7. Network isolation & slicing security
Network slicing, which allows operators to divide physical networks into virtualized “slices” that provide different levels and types of network resources, is essential to building flexible, scalable networks. It is one of the features offered by 5G networks that make them an attractive choice for businesses and service providers.
But it also presents security risks. When networks are categorized, it becomes easier for attackers to home in on certain types of devices or certain users, which in turn can facilitate threats such as Denial of Service attacks and data theft.
Network operators must, therefore, continuously monitor for signs of these attacks. They should also design their network slices intelligently to mitigate the ability of attackers to isolate specific types of devices or applications based on their location within the network.
8. Firewalls, IDS/IPS and anti-DDoS
Firewalls, Intrusion Detection/Prevent Systems (IDS/IPS), and anti-DDoS tools are classic solutions for helping to secure any network. And while these tools alone don’t fully meet the needs of mobile network security, they remain potent resources in this context.
Operators should deploy firewalls to filter traffic. They can use IDS/IPS systems to detect unusual traffic patterns that may be signs of a breach. And they can employ anti-DDoS tools to block devices that seem to be flooding the traffic with invalid requests to disrupt communications.
9. Monitoring & automation
Mobile networks’ vast size and constantly changing nature make continuous monitoring and automated remediation essential. There is far too much data to collect and analyze and far too many threats to remediate, to rely on manual oversight alone.
In practice, mobile network monitoring and automation mean, for example, automatically detecting devices that may host malware and then automatically blocking them with firewall rules.
10. Vulnerability management
Detecting and remediating vulnerabilities is another core security best practice that must be fully extended to mobile networks. In this context, vulnerability management entails scanning devices for known risks, such as the presence of malware or misconfigurations that could allow attackers to compromise devices as part of a Denial of Service exploit. When vulnerabilities are discovered, devices should be isolated from the network until the vulnerabilities are corrected.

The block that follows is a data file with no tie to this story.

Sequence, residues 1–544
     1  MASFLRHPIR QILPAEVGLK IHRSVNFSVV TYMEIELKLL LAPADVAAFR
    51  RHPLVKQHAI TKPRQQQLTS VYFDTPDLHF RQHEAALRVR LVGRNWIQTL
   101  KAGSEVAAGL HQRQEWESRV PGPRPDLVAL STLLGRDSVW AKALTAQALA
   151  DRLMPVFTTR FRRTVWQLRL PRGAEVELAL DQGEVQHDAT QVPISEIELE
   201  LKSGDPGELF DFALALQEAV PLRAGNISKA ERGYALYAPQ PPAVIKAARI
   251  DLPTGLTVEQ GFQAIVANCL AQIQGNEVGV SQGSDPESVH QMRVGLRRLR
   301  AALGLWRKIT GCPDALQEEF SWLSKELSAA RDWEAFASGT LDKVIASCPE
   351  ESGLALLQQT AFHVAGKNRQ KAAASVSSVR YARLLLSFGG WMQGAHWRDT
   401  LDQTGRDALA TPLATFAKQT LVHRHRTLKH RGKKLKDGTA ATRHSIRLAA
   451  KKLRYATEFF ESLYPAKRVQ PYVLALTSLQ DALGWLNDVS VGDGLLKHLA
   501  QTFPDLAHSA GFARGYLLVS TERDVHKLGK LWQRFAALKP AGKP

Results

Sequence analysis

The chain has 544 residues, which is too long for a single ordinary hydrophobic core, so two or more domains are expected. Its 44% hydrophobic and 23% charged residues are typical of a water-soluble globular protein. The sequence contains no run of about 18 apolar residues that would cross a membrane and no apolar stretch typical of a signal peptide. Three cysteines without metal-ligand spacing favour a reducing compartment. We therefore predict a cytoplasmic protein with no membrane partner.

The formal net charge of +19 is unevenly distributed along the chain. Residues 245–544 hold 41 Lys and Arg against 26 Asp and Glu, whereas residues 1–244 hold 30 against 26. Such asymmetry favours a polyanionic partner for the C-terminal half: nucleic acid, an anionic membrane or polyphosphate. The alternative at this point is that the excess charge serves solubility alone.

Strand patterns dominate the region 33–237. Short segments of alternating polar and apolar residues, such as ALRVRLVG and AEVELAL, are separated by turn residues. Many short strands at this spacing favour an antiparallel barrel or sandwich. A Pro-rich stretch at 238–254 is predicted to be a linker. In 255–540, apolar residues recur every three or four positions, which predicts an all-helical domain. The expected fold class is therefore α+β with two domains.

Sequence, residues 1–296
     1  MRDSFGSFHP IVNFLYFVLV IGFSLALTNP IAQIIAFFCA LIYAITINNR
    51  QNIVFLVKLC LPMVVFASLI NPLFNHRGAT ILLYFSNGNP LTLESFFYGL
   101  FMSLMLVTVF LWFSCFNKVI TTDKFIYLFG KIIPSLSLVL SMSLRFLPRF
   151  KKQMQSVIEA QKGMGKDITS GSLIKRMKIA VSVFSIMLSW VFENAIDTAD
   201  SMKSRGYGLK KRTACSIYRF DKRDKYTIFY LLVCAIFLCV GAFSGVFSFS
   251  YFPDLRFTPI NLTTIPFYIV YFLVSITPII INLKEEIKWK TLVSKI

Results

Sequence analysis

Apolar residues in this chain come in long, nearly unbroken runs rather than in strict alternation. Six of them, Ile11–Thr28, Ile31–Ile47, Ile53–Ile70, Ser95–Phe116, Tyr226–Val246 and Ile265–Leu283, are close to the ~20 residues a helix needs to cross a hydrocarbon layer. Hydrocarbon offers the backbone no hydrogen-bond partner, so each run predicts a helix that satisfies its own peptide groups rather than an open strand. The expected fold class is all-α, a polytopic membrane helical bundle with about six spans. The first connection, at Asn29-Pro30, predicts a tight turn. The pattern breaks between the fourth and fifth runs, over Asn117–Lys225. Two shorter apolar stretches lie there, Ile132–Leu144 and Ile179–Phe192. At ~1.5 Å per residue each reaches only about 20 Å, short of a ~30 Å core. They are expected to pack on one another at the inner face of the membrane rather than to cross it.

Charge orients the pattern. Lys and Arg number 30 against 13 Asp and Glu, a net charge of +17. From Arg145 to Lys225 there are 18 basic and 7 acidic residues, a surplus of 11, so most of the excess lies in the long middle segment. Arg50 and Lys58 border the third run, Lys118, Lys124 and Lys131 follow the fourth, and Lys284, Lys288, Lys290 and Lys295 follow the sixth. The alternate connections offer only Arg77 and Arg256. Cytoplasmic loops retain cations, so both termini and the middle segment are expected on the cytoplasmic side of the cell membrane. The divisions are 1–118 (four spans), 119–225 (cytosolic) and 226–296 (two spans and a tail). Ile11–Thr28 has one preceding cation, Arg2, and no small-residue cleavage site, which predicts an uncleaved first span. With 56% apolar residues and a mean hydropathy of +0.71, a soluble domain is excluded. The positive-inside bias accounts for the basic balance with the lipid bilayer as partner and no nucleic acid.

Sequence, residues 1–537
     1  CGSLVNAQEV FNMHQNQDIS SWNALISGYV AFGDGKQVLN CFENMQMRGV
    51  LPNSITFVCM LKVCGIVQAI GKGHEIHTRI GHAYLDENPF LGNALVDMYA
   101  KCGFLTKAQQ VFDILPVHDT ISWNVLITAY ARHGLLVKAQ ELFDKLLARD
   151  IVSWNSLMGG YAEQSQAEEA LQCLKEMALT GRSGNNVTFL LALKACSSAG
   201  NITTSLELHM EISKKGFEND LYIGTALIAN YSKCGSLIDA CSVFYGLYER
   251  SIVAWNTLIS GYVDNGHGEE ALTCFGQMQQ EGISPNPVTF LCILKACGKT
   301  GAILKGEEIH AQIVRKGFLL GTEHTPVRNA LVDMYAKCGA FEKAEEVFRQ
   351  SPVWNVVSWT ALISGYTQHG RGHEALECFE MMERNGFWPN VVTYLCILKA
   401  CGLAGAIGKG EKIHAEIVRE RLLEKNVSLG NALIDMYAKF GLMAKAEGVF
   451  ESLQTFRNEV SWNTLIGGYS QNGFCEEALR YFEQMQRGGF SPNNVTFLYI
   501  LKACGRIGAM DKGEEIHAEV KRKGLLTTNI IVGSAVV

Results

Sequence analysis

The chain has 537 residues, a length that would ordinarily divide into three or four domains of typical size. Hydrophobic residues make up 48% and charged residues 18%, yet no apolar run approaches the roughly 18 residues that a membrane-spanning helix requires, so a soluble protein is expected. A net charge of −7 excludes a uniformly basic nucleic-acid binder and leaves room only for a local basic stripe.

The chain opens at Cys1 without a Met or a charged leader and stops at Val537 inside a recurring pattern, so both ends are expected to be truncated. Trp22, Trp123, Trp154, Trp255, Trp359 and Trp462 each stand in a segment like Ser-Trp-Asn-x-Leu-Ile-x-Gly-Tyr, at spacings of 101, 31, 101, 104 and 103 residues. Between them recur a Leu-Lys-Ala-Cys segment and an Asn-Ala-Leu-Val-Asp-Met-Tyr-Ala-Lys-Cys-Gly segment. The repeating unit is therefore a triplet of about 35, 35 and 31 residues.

11. Secure upgrades & patching policies
Applying software patches to mitigate security threats is crucial in any environment. But on 5G mobile networks, there are strict rules regarding how and when operators must apply patches in particular.
To keep regulators happy, then, and secure devices, network operators must ensure that they keep their virtual switches, functions, containers and orchestration tooling, and other resources constantly updated. Devices, too, should be patched by vendors against security risks.
Secure your mobile network stack
Network security is challenging in any context. But it’s incredibly complicated — and the stakes are exceptionally high — when dealing with mobile networks, given their enormous scale and highly dynamic nature.
As the only security solution purpose-built for defending mobile networks, FirstPoint helps prevent mobile security risks of all types from reaching devices. Learn more about how FirstPoint delivers peace of mind for mobile network operators, device vendors, and software developers.